- APOL1 is associated with sickle cell disease nephropathy
- APOL1 gene variants associate with hypertension-attributed nephropathy and the rate of kidney function decline in African Americans
- End-stage renal disease in African Americans with lupus nephritis is associated with APOL1
- APOL1 variants associate with increased risk of CKD among African Americans
- High population frequencies of APOL1 risk variants are associated with increased prevalence of non-diabetic chronic kidney disease in the Igbo people from south-eastern Nigeria.
- APOL1 allelic variants are associated with lower age of dialysis initiation and thereby increased dialysis vintage in African and Hispanic Americans with non-diabetic end-stage kidney disease.
- APOL1 variants associate with increased risk of CKD among African Americans
- APOL1 Risk Alleles Are Associated with Exaggerated Age-Related Changes in Glomerular Number and Volume in African-American Adults: An Autopsy Study
- APOL1 Risk Variants are strongly associated with HIV-Associated Nephropathy in Black South Africans
- APOL1 variants increase risk for FSGS and HIVAN but not IgA nephropathy
Whether it was chatting with Mr. David White on his fitness journey topping 2000 pushups weekly, with Chef Oliver Hale on preparing for the upcoming Transplant Games of America, or my amazing time and conversation with 30+ years kidney survivor Mr. James Trabilsy and his partner Donette, getting to meet renown writer and kidney blogger Ms. Gail Rae-Garwood, and Mrs. Amy Staples, getting to know The Forever is tomorrow founder and lifelong kidney survivor, Mr. Scott Burton, and seasoned advocate Mr. Curtis Warfield, or just hanging out with Ms. Nieltje Gedney, Ms. Anjelica Nichol Leonard and Ms. Vanessa Evans discussing home hemodialysis, the ladies at ALL Kidney Patient Support Group, Ms. Cheryl Sage and Mrs. Janice Starling who cracked me up on being cool and connected, or a quick catch up with Mr. Adrian Miller, Ms. Glory, and Ms. Melissa Tuff, and getting inspired by Mr. Patrick Gee on his award winning work on advocacy; it was indeed a sensational feeling for me. It’s not every day you get to meet the President and Vice President of an outstanding organization like the AAKP, yet I got to and actually had a chat with Mr. Paul Conway and Mr. Richard Knight respectively.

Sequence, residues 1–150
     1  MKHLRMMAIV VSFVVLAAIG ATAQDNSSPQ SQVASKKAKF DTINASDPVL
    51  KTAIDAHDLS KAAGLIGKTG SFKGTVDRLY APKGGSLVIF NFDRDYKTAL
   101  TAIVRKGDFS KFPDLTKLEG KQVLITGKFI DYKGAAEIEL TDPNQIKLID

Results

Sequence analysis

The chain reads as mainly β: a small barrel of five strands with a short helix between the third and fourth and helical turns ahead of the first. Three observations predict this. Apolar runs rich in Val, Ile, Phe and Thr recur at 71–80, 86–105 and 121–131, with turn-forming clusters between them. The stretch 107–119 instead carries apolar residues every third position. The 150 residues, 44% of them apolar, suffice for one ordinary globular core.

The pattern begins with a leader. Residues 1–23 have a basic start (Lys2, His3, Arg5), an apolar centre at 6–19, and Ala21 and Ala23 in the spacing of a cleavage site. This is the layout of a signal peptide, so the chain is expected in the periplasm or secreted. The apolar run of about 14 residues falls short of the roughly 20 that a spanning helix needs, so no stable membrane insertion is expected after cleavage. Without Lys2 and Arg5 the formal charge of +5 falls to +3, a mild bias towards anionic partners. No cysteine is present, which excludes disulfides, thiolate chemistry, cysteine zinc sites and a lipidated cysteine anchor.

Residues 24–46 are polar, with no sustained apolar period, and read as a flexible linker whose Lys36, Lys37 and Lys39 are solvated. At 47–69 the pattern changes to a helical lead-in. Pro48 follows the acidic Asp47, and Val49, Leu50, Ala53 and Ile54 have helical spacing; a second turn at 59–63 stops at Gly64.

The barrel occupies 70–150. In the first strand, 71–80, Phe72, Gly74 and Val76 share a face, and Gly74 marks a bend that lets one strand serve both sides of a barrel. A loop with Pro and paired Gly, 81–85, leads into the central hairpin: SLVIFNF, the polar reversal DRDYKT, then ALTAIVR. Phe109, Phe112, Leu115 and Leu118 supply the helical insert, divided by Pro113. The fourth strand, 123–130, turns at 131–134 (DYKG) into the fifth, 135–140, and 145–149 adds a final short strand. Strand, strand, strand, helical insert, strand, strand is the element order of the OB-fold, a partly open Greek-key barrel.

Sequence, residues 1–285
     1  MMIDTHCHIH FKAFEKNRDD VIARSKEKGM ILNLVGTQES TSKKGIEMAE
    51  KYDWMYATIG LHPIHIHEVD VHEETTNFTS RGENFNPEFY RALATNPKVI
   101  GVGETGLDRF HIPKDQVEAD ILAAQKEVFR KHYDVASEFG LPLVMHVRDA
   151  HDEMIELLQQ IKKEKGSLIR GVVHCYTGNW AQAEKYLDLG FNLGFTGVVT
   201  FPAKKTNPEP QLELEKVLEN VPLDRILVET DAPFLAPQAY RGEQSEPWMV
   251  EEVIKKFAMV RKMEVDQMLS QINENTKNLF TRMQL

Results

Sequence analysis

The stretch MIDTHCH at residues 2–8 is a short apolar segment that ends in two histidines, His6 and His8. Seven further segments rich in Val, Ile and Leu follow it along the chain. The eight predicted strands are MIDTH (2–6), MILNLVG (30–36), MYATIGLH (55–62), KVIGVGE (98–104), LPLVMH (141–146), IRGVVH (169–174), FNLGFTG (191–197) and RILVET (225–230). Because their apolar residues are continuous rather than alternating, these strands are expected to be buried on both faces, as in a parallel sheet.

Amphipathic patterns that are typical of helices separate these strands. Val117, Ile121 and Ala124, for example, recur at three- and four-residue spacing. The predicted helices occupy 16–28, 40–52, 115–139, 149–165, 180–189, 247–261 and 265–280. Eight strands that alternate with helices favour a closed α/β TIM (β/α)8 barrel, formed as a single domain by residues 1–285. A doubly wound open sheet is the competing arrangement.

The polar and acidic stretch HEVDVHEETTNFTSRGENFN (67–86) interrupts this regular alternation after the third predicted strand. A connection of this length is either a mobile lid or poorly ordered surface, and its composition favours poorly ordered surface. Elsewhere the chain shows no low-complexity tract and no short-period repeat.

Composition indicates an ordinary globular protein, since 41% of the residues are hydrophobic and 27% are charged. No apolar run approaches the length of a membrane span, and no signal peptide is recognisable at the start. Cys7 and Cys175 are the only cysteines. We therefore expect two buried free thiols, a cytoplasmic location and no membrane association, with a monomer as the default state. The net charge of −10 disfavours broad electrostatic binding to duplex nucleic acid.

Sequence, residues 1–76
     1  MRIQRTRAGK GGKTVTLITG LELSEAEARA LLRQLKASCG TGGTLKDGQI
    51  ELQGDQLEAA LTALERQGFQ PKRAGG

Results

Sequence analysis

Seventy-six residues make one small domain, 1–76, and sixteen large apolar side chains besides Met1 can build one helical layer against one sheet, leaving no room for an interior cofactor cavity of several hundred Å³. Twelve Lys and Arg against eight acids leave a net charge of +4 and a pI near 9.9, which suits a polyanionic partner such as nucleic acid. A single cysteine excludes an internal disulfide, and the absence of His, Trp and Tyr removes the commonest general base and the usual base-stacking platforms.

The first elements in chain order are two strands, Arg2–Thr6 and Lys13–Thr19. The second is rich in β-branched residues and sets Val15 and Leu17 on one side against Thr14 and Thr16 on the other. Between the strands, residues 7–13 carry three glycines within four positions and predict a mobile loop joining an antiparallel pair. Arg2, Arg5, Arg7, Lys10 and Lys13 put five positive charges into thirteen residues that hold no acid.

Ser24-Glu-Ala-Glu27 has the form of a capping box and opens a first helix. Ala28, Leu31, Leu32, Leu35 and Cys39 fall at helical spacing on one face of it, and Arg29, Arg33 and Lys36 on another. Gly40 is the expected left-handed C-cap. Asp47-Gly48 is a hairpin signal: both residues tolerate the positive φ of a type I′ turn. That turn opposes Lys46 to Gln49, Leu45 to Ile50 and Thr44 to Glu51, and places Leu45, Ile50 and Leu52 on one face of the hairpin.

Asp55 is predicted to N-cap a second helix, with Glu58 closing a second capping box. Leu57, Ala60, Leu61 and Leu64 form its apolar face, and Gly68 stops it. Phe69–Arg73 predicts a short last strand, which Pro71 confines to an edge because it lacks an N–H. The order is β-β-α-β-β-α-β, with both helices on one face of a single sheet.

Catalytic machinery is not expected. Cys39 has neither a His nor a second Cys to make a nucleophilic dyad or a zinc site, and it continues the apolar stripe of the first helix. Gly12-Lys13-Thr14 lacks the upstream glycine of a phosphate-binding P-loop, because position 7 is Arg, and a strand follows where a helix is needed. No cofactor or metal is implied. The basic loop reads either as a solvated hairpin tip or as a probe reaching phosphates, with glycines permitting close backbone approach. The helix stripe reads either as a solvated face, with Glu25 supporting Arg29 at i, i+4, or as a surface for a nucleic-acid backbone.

The AAKP is indeed a Patient Centered, Patient Focused Organization and really did create a platform for attendees to gain information and advocacy skills they need to understand their condition, as well as make informed choices regarding their care. The event further provides an opportunity for attendees to learn how to become even more effective in using their voices and experiences to improve access and quality of care for kidney patients and also to influence public policy decisions; as clearly stated on their website.
Thank you so much for introducing me to this opportunity Ms. Erin Kahle, Director of Stakeholder Operations at AAKP, and it was so nice to meet you Ms. Deborah Pelaez, Marketing Communications Manager at AAKP. You all did a great job putting together a phenomenal event, and I am so glad to have been a part of it.
The best part of this entire experience was doing so with The Iya Foundation Inc. board member and self-proclaimed kidney awareness Green Queen, Ms. Wele Elangwe. Not only did we get even more inspired in the work we do with The Iya Foundation through this patient submit, but we are more motivated to take upon new challenges in patient engagement and community impact through awareness and education on chronic kidney disease and organ transplantation.
It wouldn’t be fun if it was all work and no play right? Hence, being in Florida, we were able to take advantage of the sunshine by visiting the beautiful pool at the Vinoy Renaissance Hotel where the event was hosted, and also enjoyed some sightseeing on board the Clearwater dinner boat cruise about 30miles away from the event space.